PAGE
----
parents talk about EC

Seattle Families Take the EC Challenge

Letting infants pee in the sink? Pooping when the hear a certain cue? Is that really a thing?

Elimination Communication (EC) class facilitator Rachel Ogestelli said when she first heard about local families helping their babies pee and poop outside of diapers, she thought it was weird and not for her. It was just hard to believe that it would work. But when her infant daughter woke up from a nap one day with a dry diaper, she decided to put her over a container and see what happened.

When the baby peed, Ogestelli was hooked. Ditch Stork owner Carrie Pollak had a similar experience with her daughter and describes the thrill of “catching” that first pee outside of a diaper. As babies and parents got to know each others’ cues and signals and coordinated more toileting instead of diapering, the wonder and amazement grew and grew.

It was that joy and respect for our babies’ abilities that made us all EC converts, but it’s the added benefit of fewer diapers to buy, wash or toss that prompted us to start the Ditch the Diapers Zero Waste Initiative. Seattle needs to reduce its trash output, and EC is one of the most joyful ways we know of to do that.

Joining the Challenge

This year, eight new families are trying EC as part of the Ditch the Diapers Zero Waste Initiative’s Elimination Communication Challenge. They came from all corners of the city to meet for the first time with their tiny babies in November at Sri Janani Yoga near Green Lake.

Parents in the EC Challenge Group Meet for the First Time photo: Jeff Nachtigal

Their facilitator, Heather Alvarez, talked them through the first steps to starting EC: observing baby’s movements, sounds and expressions just before they eliminate, making notes on the frequency and timing, and choosing a sound to make that we’ll teach them to associate with the act of eliminating.

Frequent questions and concerns

As new parents, our participants have attended many classes and received many instructions and warnings about their new charges. Thinking in that vein, parents asked, “Is there any danger in doing this wrong, or being inconsistent about it?”

The great thing about EC with infants is that you can’t go wrong. Any chance they have to experience elimination outside of a diaper is great for maintaining their body awareness. The 100% consistent “diaper training” that most American children receive starting at birth is what makes it so scary for many of them to ditch the diapers 2 or sometimes 3 years later.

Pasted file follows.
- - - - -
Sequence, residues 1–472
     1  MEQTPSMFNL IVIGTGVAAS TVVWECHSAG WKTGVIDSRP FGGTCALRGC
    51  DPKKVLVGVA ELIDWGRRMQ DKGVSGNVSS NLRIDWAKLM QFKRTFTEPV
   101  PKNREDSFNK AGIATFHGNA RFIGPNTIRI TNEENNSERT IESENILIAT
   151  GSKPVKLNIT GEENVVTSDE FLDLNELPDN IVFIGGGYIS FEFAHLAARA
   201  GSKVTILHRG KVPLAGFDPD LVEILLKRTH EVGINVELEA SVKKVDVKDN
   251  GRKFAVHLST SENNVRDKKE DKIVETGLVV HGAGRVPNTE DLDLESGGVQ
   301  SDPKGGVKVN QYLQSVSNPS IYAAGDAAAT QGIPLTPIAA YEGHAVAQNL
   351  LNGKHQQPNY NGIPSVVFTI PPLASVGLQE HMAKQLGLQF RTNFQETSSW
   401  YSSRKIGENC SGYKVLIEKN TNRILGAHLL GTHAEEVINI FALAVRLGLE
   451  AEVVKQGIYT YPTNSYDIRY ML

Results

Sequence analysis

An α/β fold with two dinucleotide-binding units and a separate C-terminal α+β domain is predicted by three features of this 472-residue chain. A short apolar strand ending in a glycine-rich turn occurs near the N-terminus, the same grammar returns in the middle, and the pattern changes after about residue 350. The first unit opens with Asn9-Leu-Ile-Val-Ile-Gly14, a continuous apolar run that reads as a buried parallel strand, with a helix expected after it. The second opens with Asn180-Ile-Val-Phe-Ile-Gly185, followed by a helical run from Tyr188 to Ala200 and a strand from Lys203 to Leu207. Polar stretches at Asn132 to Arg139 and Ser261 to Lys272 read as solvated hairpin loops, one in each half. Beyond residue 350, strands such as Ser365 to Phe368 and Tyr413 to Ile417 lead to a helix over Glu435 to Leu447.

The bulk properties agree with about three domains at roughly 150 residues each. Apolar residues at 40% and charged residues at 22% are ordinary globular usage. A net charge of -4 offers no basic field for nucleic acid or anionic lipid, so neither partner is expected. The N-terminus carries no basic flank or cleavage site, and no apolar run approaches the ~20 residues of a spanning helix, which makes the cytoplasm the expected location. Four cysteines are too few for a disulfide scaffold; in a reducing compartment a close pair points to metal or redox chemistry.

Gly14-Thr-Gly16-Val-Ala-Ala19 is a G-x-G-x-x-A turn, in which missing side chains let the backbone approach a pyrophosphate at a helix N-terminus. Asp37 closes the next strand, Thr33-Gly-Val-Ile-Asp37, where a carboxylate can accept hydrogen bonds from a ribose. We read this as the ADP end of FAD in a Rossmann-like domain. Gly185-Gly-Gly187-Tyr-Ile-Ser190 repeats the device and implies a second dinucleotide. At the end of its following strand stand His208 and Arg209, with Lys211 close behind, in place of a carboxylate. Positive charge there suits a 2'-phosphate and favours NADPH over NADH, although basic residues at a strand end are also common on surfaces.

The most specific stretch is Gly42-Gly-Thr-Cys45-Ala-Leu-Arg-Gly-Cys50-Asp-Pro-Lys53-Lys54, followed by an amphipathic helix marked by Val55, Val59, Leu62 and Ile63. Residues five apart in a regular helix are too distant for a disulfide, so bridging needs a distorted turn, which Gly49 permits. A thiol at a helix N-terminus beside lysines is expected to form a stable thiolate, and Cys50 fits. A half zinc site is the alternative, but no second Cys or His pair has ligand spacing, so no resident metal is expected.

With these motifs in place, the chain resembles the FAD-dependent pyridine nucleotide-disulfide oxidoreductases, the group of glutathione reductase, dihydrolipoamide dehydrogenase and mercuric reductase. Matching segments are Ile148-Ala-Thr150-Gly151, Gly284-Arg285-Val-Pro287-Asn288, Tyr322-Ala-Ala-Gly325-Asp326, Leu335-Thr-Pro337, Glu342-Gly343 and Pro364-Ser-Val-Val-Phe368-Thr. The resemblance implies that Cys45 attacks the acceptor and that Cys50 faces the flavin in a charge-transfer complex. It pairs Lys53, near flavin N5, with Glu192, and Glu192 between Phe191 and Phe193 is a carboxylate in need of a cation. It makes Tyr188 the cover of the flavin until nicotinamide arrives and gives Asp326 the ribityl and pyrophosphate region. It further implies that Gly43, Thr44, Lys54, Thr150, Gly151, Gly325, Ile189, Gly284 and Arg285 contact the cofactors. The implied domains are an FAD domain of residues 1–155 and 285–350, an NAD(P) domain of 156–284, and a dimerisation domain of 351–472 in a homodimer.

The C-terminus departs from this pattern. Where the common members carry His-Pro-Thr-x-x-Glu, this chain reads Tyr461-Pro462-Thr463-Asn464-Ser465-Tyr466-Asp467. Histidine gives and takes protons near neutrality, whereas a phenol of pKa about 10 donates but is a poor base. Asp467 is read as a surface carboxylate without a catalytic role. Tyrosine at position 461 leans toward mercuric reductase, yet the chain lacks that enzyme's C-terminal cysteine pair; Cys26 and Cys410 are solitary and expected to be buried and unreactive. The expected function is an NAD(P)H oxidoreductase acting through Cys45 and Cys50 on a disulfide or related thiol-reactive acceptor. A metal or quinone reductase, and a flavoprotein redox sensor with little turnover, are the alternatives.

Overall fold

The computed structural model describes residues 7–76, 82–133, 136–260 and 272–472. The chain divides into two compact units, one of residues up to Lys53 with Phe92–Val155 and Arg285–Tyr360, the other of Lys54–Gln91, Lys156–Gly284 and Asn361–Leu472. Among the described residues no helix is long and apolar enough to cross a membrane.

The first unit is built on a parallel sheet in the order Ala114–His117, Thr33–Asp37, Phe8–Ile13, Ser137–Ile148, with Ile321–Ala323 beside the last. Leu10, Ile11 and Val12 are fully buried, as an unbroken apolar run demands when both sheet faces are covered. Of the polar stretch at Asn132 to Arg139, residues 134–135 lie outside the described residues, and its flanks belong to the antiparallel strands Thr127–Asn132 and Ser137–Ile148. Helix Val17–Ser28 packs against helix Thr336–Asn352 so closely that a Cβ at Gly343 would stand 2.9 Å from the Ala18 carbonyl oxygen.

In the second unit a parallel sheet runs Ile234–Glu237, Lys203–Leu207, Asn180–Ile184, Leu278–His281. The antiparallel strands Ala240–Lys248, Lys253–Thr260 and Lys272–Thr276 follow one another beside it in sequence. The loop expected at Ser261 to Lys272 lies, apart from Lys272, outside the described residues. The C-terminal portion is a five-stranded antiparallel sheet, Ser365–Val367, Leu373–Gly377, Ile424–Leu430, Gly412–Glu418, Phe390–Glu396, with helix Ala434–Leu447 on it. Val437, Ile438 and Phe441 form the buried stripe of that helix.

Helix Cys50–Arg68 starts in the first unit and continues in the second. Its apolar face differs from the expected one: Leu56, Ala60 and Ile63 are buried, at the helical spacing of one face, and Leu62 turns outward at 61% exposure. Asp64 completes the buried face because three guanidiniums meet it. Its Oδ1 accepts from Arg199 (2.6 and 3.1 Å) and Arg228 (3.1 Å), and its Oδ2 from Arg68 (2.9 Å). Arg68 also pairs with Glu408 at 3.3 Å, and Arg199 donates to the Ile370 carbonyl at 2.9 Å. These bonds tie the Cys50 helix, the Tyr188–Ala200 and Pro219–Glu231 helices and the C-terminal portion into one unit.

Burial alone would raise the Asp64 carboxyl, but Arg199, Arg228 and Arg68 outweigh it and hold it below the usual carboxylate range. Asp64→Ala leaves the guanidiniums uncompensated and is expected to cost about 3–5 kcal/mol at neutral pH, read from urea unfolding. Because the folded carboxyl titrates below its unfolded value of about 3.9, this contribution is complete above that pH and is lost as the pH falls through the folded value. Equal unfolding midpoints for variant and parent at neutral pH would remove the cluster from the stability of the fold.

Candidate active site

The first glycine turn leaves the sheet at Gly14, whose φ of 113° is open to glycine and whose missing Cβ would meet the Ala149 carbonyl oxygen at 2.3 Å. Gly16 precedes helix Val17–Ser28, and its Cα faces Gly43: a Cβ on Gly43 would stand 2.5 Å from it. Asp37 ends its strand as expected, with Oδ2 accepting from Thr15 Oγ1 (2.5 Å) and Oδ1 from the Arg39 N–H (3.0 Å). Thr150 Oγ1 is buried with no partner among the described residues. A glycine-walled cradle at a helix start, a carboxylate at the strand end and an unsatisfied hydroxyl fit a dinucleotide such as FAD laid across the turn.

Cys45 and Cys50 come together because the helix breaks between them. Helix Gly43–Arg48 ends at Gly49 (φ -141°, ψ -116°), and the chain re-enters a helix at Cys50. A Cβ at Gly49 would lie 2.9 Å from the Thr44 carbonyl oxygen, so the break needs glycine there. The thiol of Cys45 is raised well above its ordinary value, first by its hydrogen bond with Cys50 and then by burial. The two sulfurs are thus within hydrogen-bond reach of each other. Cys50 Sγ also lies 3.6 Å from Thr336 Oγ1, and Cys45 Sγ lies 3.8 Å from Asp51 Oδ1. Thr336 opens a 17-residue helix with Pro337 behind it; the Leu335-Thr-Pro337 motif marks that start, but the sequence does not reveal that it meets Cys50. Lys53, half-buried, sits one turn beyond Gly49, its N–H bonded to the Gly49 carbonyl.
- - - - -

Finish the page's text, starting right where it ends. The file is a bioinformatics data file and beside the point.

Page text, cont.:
Another question concerns hygiene – “Is it really sanitary to let a baby poop or pee in your sink?” The short answer is yes — infants on an all-milk diet have water soluble poop, which can be washed down the drain completely with water alone, and of course a spray bottle of natural surface cleaner can also be used. Some families use a designated sink for EC, while others use small potty inserts (inner part of a toddler’s potty chair), buckets, or plastic bins.

Challenge participant Ashlee tried another technique with her older, heavier baby – sitting together on the big toilet: parent fully clothed and scooted back, and baby bare bottomed, held snugly between the adult’s legs.

Challenge group facilitator Heather Alvarez demonstrates various potties that can be used. photo: Jeff Nachtigal

Learning EC Step by Step

Not all parents had that magical catch this first month, but they write “Starting to identify his signals has been pretty awesome. A little overwhelmed but excited for the next steps.” Support is always a click away on our Facebook group page, and the challenge group reconvenes this Sunday to celebrate all they’ve learned so far and keep on going!

Anyone who wants to learn about EC is more than welcome to join our next Infant Potty Training 101 class. We’ll be holding them every month in various parts of the city and helping participants form ongoing groups for support along the way.

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